Re: Free Will vs Group Think

Omega (
Mon, 27 Jan 1997 01:12:00 -0800

Hi John,

Digging deeper into this can of worms, let's see what I can come up with.
I may strike at some deeply held beliefs, but when I talk about any of this
stuff, it's not anything personal so much as a peek into the subtleties of
the human memetic process.


> > >John:
> > >I don't think the question of determinism has much to do with
> > >free will. He [Turing] proved that no computer program (and I think
> > >that's what we are) can predict what it will do next, that is, if it
> > >will ever stop. The easiest, indeed the only way to know what a
> > >computer program will do is to run it and see, we figure out what we
> > >are going to do when we actually do it. This would be true
> > >regardless of whether the Universe is deterministic or not.
> >Omega:
> >This is misleading in the extreme. Free will has everything to do
> >with the absense of determinism
> Why? Everything, absolutely everything, happens because of cause and effect
> OR it does not happen because of cause and effect, and if it does not then
> it is by definition random. From your last post I thought we agreed on this.

Random can either be defined broadly as that which lacks specific pattern,
or narrowly (as you do immediately above) as that which happens without
cause. The problem is that many things (as in a digital slot machine) can
be random (in the broad sense) because of Turing non-predictability, while
yet being totally deterministic.

The classic definition (in my own words) of free will in philosophy, theology
(ackh), and culture at large, is:

The ability to select or to not select an action (or to select a specific
action from amongst a set of more than one) free from constraints imposed
by external circumstances, or by other agencies (such as divine will) that
might impose additional constraints not found in the external circumstances.

In this classic meaning, free will was possessed by someone, within some
scope, when the the possessor of such was considered to be a sufficiently
unconstrained causal agent that he has the freedom of choice as defined above
within that scope. Or in simpler terms, one has free will if they are an
acausal agent within some realm (regardless of whether any such acausality
actually exists because one might, in fact, lack free will as so defined).

The rise of deterministic science (a la Newton) showed us (because of our
rising knowledge of internal constraint) that free will in the classic mean-
ing either does not exist, or for those more cautious, is of much less sig-
nificance in our lives than we previously imagined. Philosophically, the
hidden determinism of genes, hormones, etc. was not considered to be free
will, but was considered to be merely another constraint upon one's free
will. In this regard, a system (be it a digital slot machine, or a human
being) was considered to lack free will if it was entirely deterministic,
even if the actions were unpredictable because the determinism operated from
an unknowable depth of detail/complexity.

Since science, by definition, does not deal with the unknowable (except for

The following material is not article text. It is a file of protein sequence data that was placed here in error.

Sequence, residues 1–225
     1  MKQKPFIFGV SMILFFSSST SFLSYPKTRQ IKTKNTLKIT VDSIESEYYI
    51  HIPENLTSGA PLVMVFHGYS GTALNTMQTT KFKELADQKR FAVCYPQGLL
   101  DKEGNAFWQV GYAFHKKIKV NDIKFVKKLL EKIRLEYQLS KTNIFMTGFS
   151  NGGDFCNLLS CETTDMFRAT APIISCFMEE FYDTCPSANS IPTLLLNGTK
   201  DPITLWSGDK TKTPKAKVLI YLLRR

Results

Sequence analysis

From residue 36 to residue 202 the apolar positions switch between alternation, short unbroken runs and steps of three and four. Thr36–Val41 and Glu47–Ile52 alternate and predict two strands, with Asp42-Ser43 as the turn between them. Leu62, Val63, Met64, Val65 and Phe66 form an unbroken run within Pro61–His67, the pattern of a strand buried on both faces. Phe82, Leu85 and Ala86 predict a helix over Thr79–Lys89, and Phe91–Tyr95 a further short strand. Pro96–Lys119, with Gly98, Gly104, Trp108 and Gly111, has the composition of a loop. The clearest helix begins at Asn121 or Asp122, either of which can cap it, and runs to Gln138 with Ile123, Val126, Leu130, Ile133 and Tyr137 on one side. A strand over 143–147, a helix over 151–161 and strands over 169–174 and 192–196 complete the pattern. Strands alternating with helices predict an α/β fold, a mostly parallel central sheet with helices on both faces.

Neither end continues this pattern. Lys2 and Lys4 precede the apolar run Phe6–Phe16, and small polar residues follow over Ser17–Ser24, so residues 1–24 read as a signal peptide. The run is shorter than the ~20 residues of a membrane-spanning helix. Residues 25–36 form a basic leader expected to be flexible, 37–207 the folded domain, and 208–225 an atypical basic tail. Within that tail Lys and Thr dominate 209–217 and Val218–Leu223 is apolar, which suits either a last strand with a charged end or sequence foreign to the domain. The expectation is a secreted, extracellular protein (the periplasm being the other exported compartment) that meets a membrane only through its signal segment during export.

defining the boundaries of such) the scientific appraisal of free will is
limited to refuting its presence wherever predictibility can be found. This
leads to an operative principle which places knowable limits on where free
will may be found as defined in its classical sense:

* Where something is predictable, then free will does not exist.

I agree that your definition is clear and precise (at least in meaning):

> I gave you my definition, it's precise and as good as any I've seen, I'll
> give it again: A being has free will if and only if it can not predict what
> it will do next.

Unfortunately your definition is the logical negative of the classic
definition because when stripped of the self-reference (which I will get
to shortly) it reduces to an operative principle which says:

? Where something is not predictable, then free will does exist.

It is a well established fact in formal logic that the negative of a logical
statement has a different meaning from the original, and furthermore derives
no support as to its validity from the original statement. It may turn out
to be true anyway, but it's not in anyway guaranteed. This redefinition
thus leads a couple of problems:

1. The first is that it changes the the established meaning of a term which
goes back millenia in human culture. For this reason philosophy and
theology both reject it, and to proceed with such a redefinition is to
invite nothing but a communication gap with other parts of society.

2. Free will is a dicey subject in any case, but at least with the original
definition, we can rest assured that almost no viewpoint based upon that
definition has not been examined in minute detail by millenia of rabbis,
philosophers, and theologians more times, and to greater detail, than we
can possibly imagine.

Redefined, every viewpoint based upon it amounts to nothing but an
arbitrary claim that needs to be proven and defended from every angle
because the redefinition asserts as true something widely accepted (by
formal logic) as not being derivable from the original definition.


Beyond the fact that the second definition changes the meaning, there are ac-
tually deeper problems with this definition which our own dialog illustrates:

> > I think there's a big jump when going from 'feeling that we have
> > free will' to 'actually having free will'.
> Not a big jump at all, not even a hop if you use my definition, and that's
> the only one I have ever found useful.

I could say that since your definition equates feeling with actuality that
it is solipsistic, but this would be ridiculous since even a fully determin-
istic system could be guilty of solipsism by this line of thought. The
problem is that as precise as the negative definition is in meaning, it is
not precise in practice; because by failing to refer to any global reality,
it does not provide a basis for describing any form of global truth.

By this definition you could have the "free will" to use your keys to enter
a building, when in fact, you have no such free will because your landlord
just changed all the locks. Likewise there could be millions of things you
feel you are free to do, but in fact can not do because your thougths lack
the biochemical keys necessary for initiating or completing those actions.